acute for the 30 or so “in-house” children’s rights services, where
advocates are actually local authority employees. And as the
manager of an “in-house” service for the last four and a half
years, I know that they can be. It is difficult to tell your
employers things they would really rather not hear. It can be even
more difficult for them not to react badly.

Local authority advocacy workers have found themselves on the
receiving end of their employers’ “disappointment” or disciplinary
action and can even end up unemployed. They can find themselves
fighting battles about the content of their annual reports or their
presentations, they can be shunned by their colleagues, told to
hand over confidential files, “dressed down” in public, have their
work assessed on the basis of whether or not it is “corporately
helpful”, told not to take on particular cases or not to take
particular actions. Few local authorities want to see their dirty
linen washed in public, and many will avoid it if they possibly
can. I have no doubt that my own practice has at times been
compromised by the mutually exclusive agendas that my employment
within a local authority has forced upon me almost daily.

There is significant evidence that the current provision of
“independent advocacy” isn’t independent at all. Even for services
that will continue to exist as the Adoption and Children Act comes
into effect, even for services that are absolutely thriving today
and are achieving real outcomes for the children who use them,
their experience may not always be so positive. It is based on
nothing more concrete than the goodwill of local authority
managers. The difficulty is that this goodwill is not necessarily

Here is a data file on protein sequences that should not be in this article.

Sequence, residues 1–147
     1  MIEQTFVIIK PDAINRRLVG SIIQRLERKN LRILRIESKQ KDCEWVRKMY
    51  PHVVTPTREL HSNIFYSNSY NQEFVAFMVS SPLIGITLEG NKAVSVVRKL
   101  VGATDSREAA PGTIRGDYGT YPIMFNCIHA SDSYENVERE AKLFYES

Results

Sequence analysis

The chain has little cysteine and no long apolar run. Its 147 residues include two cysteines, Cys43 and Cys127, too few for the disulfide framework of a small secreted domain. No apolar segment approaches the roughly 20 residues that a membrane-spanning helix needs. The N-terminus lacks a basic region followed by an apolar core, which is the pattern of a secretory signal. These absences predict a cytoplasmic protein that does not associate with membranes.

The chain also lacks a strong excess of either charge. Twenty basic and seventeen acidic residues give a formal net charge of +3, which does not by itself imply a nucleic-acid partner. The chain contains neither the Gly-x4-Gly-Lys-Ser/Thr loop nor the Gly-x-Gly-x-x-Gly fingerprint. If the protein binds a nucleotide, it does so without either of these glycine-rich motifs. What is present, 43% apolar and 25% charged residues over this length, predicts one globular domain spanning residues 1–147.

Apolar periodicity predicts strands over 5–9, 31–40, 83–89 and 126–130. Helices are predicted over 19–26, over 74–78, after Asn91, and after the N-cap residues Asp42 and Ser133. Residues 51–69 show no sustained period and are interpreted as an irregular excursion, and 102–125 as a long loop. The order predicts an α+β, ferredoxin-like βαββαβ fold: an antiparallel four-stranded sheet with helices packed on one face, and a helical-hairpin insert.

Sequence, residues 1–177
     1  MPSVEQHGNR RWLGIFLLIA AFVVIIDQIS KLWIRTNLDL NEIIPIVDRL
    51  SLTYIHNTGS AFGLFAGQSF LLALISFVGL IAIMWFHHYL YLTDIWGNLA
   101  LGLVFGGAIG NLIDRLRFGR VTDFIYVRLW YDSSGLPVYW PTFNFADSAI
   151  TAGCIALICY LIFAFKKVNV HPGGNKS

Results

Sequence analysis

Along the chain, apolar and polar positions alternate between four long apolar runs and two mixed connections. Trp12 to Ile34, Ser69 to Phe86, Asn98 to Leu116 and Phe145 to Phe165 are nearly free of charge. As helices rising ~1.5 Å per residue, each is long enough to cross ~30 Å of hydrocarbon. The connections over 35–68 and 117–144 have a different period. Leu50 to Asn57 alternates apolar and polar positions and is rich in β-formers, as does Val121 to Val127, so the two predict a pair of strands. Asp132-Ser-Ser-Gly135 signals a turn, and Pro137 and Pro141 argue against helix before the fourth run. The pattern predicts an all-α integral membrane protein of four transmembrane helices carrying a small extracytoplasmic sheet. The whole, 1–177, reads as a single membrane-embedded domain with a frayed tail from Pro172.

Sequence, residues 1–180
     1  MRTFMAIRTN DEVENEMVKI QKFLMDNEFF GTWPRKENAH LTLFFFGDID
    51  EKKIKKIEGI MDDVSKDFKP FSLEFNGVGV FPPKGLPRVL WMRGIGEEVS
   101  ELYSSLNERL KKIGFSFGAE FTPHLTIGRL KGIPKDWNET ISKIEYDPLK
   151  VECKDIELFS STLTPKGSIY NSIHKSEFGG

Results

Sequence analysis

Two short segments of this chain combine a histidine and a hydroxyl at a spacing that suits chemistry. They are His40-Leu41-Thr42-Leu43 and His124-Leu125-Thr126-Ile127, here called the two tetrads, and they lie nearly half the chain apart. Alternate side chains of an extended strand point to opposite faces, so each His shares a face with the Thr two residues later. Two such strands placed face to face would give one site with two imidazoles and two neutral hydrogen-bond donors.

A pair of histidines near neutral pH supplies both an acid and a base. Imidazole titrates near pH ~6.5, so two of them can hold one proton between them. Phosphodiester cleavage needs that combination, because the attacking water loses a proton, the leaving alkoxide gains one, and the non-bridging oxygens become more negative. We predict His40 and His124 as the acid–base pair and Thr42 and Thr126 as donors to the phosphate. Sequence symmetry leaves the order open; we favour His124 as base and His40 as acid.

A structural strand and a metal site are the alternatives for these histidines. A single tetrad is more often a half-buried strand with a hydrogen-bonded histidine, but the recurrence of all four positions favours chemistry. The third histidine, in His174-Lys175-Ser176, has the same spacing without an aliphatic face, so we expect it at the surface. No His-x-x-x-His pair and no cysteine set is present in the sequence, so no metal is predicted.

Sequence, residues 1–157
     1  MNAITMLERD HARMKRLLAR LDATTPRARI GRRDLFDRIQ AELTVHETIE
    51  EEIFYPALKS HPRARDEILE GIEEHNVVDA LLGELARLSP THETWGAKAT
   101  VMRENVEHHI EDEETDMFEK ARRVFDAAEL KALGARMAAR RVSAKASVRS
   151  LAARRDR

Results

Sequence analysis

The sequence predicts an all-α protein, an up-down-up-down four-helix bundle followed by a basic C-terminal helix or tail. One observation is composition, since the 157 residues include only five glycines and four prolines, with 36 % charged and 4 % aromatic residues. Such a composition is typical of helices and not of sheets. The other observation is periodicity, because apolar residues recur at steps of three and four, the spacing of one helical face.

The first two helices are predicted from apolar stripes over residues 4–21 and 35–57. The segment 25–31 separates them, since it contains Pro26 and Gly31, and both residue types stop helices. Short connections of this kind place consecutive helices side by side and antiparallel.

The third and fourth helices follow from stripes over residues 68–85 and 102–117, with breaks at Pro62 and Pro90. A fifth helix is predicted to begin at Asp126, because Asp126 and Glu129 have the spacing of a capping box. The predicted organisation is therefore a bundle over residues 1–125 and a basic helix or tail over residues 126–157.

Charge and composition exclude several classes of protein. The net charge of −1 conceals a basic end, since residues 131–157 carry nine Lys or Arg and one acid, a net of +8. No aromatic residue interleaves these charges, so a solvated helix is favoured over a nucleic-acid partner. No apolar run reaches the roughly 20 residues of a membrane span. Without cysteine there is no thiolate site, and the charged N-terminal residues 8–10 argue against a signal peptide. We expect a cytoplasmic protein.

permanent. It can be withdrawn, it can be replaced, and so can the
senior managers who are genuinely able to give it.

Many had hoped that the Children Bill, published by the government
on the 4 March, would help to eradicate the inherent contradictions
of the current system. The creation of a children’s commissioner
for England holds the possibility that children’s rights and
advocacy services could be commissioned independently of local
authorities by connecting them to the new commissioner’s office. A
perfect and simple solution, it would ensure that advocacy services
were commissioned and evaluated on the basis of the outcomes they
achieve for children rather than on their popularity (or lack of
it) with social services staff.

Far from addressing the conflicts of interest experienced by
children’s rights workers, however, the bill looks set to
exacerbate them by replicating the problems in the children’s
commissioner post itself. The commissioner will only be able to
carry out formal investigations where instructed to by the
secretary of state, who will also have the power to publish or
withhold inquiry reports. The commissioner for England will be far
weaker than any of his or her counterparts in other UK countries,
and the proposed legislation is a long way off meeting
international guidelines.

Without considerable amendment, the Children Bill, and the
children’s commissioner it creates, will not go nearly far enough
to ensure that the rights of children and young people are
respected. Indeed, the bill as it now stands suggests that the new
commissioner will have no explicit role with regard to

Should advocacy services and local authorities look to work
together to improve outcomes for the most vulnerable of young
people? Of course they should, but on something that looks a bit
more like an equal footing. The voices from Whitehall reassure us
that every child matters. The question is, do they really mean

Kristyn Wise is the chairperson of CROA, the network of
children’s rights and advocacy services across England and Wales.
She is also the manager of a local authority children’s rights